Neil Diamond Album Overview
Part 3: 1973-1980 The Early Columbia Years, from Mystic to Romantic

Double Gold was Bang's last Neil Diamond album. It was yet another compilation, but at least it was a worthwhile one. It basically contains 21 out of the 25 songs that Neil had recorded for the label. Music-wise, it's great. Value-wise, it's also a winner- it has most of the songs from The Feel of Neil and every song from other old LPs like Just for You, Shilo and Do It! without all of the wasteful duplications. Sound wise... well, we do have a few problems. First off, some of the songs are of poor fidelity. More irritating is the fact that the majority of the songs had their stereo signals reversed. This is pure sloppiness- it couldn't be that difficult to plug the right cable into the right jack and the left cable into the left jack!

Rainbow was the first of MCA's post-Neil compilations of previously-released material. Strangely, it emphasized Neil as a song interpreter, not a songwriter. Every song on the album is a cover of songs by other writers. Some of it is quite good, but the album relied too heavily on the sleep-inducing covers from Stones. About halfway through, it's easy to get seized with the insatiable desire to hear Neil singing Neil.

Jonathan Livingston Seagull showcases the flowering of Neil Diamond, Mark III- sensitive and intensely spiritual poet. A quick look at the lyric book shows how far he'd come since writing ridiculous lyrics like "Look at her now, yeah, barefoot and full of sassy" (on "River Runs, Newgrown Plums" from BLTSS). There's only 5 vocal-based songs here, and you'd better like "Be", because it reappears several times as a motif, woven in and out of other songs, as well as being reprised at the end of the album. There are long stretches of Neil-less periods, but at least they're made palatable by grandiose instrumental variations of the themes from his 5 songs. This was Lee Holdridge's last album with Neil, as their partnership was terminated over a dispute over songwriting credits for the film. Pity. By the way, if you don't have this on LP, you're missing out on some beautiful packaging. The CD doesn't come close.

His 12 Greatest Hits, MCA's second (and more logical) post-Neil compilation was and still is a sure-seller. The title says it all and the quintessential Neil hits ("Cracklin' Rosie", "Song Sung Blue", "Play Me", "I Am…I Said") are all here, although one song ("Shilo") was NOT a single and another ("Done Too Soon") was actually a B-side. The first incarnation of this title, on LP under MCA, contained live tracks ("Holly Holy" and "Sweet Caroline") from Hot August Night in-place of the true studio (hit) versions. This may have caused buyers to grumble, but had probably helped the long term sales of the Sweet Caroline and Touching You, Touching Me albums. Still, in any form, 12GH has the most musical bang-for-the-buck, hands down.

Serenade is a dense, somber, heavily orchestrated album- a far cry from the catchy sing-a-longs which were recorded only a few years prior. It was the last (and finest) Neil album produced by Tom Catalano and was conducted by L.A.'s best, Sid Feller (Ray Charles) and Jimmie Haskell (Simon and Garfunkel). By 1974, Neil Diamond was well into his "deep philosophizing" period, and this album resembles Jonathan Livingston Seagull in concept and in style more than any other title in his catalog. But, instead of being padded with soundtrack instrumentals, Serenade returns to the standard song format, and shows what he can do with some rather oblique lyrics welded to some of his most magnificent melodies with a minimum of musical filler. It doesn't have a lot of rock and roll on it- the mood is more introspective, and the focus is on an inward search for self, as well as ruminations about life, death and the afterlife. "Longfellow Serenade" was the Top 5 hit of this bunch, but the songs that were not hits, "I've Been This Way Before", "Lady Magdelene" (his longest song to date) and "Yes I Will" are the truly jaw-dropping masterpieces here. Only the light-hearted "Reggae Strut" sounds out-of-place. This title also comes in a hard-to-get quadraphonic version, which I just worship.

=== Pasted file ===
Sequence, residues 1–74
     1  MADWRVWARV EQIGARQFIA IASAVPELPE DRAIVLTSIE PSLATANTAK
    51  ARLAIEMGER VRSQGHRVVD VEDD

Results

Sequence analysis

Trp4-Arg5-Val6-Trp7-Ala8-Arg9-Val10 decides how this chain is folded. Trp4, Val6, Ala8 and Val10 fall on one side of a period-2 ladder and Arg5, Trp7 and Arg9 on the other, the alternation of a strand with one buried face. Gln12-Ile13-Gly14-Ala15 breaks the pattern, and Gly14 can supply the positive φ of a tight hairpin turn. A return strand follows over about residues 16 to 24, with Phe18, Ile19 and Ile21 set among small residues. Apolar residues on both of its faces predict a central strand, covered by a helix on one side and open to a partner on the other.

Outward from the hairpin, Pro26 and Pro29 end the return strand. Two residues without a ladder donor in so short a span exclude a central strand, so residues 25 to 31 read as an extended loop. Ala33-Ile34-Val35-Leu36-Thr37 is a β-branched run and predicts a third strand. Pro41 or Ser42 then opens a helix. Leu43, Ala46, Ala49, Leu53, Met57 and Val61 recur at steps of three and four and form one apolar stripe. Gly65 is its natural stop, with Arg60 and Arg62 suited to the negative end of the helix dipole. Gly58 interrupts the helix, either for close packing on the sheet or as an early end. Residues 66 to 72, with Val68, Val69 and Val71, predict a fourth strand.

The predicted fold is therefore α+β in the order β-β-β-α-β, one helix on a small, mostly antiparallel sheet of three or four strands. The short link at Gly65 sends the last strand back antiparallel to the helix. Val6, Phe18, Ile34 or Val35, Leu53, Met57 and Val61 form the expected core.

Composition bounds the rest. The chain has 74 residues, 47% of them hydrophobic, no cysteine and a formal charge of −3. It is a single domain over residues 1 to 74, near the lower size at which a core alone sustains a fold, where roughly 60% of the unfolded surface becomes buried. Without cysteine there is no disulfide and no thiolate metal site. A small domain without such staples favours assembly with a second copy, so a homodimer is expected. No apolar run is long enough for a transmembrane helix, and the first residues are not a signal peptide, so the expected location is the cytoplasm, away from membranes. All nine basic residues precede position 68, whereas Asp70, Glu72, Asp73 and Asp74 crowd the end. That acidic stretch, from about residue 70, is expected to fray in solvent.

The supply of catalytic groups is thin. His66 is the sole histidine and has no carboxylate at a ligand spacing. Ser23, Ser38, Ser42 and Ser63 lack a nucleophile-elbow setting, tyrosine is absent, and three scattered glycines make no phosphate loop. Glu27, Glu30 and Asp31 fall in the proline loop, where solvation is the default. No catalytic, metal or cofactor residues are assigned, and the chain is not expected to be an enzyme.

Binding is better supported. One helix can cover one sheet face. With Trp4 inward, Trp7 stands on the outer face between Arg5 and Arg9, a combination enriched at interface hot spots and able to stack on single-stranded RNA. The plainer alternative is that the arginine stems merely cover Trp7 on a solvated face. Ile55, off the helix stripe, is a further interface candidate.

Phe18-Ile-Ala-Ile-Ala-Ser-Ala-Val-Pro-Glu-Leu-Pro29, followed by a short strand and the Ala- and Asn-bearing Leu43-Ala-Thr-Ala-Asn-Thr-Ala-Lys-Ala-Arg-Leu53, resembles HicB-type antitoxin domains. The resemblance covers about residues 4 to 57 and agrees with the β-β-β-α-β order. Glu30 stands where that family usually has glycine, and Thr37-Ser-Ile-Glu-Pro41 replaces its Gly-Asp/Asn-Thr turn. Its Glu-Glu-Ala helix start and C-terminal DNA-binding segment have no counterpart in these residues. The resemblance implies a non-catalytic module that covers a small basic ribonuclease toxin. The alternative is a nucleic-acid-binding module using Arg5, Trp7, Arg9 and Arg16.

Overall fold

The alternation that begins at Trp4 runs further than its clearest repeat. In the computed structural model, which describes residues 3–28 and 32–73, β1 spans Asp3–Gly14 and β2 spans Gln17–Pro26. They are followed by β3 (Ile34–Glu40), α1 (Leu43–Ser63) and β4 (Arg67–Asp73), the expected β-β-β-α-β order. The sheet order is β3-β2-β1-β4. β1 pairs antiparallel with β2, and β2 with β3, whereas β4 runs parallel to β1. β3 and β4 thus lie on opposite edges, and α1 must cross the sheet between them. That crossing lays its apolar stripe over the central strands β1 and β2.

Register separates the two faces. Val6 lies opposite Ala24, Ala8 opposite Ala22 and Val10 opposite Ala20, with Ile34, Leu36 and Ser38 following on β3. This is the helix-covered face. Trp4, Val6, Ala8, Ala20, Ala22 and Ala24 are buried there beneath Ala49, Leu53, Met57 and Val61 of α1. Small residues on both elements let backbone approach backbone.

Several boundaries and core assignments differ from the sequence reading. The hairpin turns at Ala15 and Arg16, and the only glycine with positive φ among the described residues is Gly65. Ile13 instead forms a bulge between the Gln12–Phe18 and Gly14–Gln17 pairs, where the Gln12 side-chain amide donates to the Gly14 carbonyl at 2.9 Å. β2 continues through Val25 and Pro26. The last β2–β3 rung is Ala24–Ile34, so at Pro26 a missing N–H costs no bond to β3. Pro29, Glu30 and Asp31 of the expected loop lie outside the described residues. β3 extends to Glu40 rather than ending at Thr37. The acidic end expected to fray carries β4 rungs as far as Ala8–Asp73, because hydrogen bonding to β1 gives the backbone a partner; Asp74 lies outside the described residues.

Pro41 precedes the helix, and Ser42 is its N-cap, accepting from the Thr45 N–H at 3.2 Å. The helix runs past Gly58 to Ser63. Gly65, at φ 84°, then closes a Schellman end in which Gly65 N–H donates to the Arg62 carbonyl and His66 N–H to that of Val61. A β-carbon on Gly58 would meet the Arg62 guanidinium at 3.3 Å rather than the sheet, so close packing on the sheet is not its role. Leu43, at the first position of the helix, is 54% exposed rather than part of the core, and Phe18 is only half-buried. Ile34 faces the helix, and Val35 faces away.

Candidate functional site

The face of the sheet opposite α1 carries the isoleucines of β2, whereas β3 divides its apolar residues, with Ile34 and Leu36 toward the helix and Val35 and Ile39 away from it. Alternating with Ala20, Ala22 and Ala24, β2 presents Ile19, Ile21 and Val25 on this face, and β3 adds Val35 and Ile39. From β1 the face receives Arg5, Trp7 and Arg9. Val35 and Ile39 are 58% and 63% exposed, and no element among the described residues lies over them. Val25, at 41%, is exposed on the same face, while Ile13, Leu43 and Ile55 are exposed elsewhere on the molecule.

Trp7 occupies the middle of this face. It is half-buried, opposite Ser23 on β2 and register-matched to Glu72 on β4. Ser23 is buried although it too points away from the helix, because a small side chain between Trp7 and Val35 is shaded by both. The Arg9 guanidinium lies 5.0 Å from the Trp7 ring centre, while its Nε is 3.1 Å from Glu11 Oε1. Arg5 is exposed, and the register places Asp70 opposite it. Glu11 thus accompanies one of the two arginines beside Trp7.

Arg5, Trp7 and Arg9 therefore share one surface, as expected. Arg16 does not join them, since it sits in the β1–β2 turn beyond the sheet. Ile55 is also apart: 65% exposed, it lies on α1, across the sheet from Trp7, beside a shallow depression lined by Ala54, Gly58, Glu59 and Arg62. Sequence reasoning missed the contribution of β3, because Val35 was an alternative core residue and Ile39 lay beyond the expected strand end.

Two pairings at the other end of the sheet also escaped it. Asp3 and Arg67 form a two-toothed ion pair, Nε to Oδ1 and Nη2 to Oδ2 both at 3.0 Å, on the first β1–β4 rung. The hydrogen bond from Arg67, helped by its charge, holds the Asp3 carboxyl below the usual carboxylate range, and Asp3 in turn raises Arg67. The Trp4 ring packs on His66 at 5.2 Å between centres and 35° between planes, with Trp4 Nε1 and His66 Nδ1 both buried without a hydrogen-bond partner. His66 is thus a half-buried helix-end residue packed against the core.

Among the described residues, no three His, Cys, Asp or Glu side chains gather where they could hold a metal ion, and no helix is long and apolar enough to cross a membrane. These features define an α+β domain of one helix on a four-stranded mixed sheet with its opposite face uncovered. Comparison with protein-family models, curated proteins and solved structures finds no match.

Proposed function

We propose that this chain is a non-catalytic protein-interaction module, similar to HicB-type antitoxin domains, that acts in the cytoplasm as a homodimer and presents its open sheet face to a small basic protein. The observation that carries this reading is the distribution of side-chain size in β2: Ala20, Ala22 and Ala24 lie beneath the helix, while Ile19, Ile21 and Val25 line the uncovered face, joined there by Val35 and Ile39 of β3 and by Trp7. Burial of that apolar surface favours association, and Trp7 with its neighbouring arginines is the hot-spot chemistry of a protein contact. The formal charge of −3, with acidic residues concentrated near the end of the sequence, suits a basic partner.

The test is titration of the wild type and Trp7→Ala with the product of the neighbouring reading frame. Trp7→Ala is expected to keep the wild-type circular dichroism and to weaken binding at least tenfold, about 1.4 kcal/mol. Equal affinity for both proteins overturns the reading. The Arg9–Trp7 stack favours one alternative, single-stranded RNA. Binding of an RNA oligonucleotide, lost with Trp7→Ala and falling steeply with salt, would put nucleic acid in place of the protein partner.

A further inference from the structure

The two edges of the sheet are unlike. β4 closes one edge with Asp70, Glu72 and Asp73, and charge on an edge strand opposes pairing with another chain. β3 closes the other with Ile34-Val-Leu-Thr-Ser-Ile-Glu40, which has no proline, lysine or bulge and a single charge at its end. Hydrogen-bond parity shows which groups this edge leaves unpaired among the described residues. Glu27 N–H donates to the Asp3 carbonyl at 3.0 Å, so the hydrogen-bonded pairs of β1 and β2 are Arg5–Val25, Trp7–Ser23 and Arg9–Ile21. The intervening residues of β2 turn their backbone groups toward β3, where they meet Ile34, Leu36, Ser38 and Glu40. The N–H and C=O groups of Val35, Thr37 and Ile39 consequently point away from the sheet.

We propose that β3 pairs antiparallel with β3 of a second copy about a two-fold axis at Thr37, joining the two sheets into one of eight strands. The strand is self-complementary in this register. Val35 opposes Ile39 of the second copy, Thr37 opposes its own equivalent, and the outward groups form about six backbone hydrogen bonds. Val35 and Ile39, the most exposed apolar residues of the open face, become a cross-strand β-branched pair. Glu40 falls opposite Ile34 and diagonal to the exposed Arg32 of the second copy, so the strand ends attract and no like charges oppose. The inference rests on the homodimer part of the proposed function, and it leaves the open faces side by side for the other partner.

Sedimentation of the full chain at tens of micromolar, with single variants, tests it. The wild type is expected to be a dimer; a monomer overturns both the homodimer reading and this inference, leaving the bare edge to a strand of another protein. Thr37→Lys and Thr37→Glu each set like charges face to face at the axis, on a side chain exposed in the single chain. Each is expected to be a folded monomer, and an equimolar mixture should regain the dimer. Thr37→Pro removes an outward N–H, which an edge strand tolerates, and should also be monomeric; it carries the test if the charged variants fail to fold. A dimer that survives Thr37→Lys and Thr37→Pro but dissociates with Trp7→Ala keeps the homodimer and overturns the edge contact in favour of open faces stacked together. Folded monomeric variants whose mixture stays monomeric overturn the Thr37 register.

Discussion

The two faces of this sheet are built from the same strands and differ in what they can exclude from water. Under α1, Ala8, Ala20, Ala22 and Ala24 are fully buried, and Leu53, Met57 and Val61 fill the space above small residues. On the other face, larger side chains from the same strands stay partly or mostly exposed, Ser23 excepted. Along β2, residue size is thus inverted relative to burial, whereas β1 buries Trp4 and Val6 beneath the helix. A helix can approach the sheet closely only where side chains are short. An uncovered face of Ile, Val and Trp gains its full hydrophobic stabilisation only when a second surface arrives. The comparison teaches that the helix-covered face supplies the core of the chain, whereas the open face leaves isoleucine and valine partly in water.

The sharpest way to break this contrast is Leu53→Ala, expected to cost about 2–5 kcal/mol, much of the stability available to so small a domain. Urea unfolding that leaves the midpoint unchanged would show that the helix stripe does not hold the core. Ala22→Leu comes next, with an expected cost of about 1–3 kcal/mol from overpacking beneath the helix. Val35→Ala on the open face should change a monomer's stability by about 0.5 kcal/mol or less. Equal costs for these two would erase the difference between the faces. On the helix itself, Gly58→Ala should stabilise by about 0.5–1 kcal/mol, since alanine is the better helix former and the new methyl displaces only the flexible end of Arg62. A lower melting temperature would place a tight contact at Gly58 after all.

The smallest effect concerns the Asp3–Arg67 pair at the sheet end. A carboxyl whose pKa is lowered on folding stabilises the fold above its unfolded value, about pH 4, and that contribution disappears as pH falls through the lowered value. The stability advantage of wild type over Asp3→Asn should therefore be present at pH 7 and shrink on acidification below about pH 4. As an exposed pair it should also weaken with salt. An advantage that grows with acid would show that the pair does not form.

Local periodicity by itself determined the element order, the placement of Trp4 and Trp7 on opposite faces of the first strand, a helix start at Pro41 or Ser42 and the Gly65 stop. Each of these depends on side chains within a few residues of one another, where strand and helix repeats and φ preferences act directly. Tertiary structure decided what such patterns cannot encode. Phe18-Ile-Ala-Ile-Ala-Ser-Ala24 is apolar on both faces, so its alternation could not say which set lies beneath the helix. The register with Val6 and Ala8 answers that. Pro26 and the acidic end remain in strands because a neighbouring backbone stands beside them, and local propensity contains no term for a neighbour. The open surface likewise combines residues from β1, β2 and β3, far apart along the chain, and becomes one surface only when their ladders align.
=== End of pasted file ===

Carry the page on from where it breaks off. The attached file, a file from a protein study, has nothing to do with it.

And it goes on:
Beautiful Noise finds Neil going through a transition period. He hadn't dropped the pop philosophizing just yet- "Signs" is still evidence of his interest in cosmic things (it wouldn't sound out-of-place on Serenade). Several of the songs on Beautiful Noise fit together as a semi- autobiographical concept album of his rise to fame, and its personal cost, as well as a memoir of New York's Tin Pan Alley. In order to appreciate the flow of the songs as a musical biography, they probably need re-sequencing. "Beautiful Noise" establishes the album's central concept. "Street Life" and "Jungletime" show the ugly underbelly of the Big City, and recalls the temptation of being a street punk, until the allure of a career in music surfaces. An old-timer gives him some cautionary advice on starting out in "Stargazer". Neil himself had said that "Lady-Oh" was a love song written for a woman that he had watched from afar during his days struggling in the Greenwich Village scene. As he achieves success, he composes "Home Is a Wounded Heart", a pained song about his long periods of separation from his family. "If You Know What I Mean" was a #11 hit, but Neil didn't really need any "hit" singles to drive this album. Beautiful Noise is a brilliant, diverse album of sadness and joy, of life and change. It will make you smile, it will make you cry, it will make you tap your toes and it will make you think.

I'm not exactly certain as-to who this compilation album, And The Singer Sings His Song, is aimed at. People who want to buy Neil Diamond albums with not much in the way of hits? People who want to make Neil richer than he already is? People who just want to look at a new cover? Once MCA had gotten the primary "hits" package done (see entry for 1974's His 12 Greatest Hits), just about every subsequent repackaging of Neil's Uni/MCA period material would be either a) redundant b) extraneous or c) bordering on exploitive. It's not that the songs are bad, it's just that I don't see a real purpose for buying this. But, somehow, And The Singer Sings His Song found its audience, and it sold enough copies to become a certified gold record. Go figure.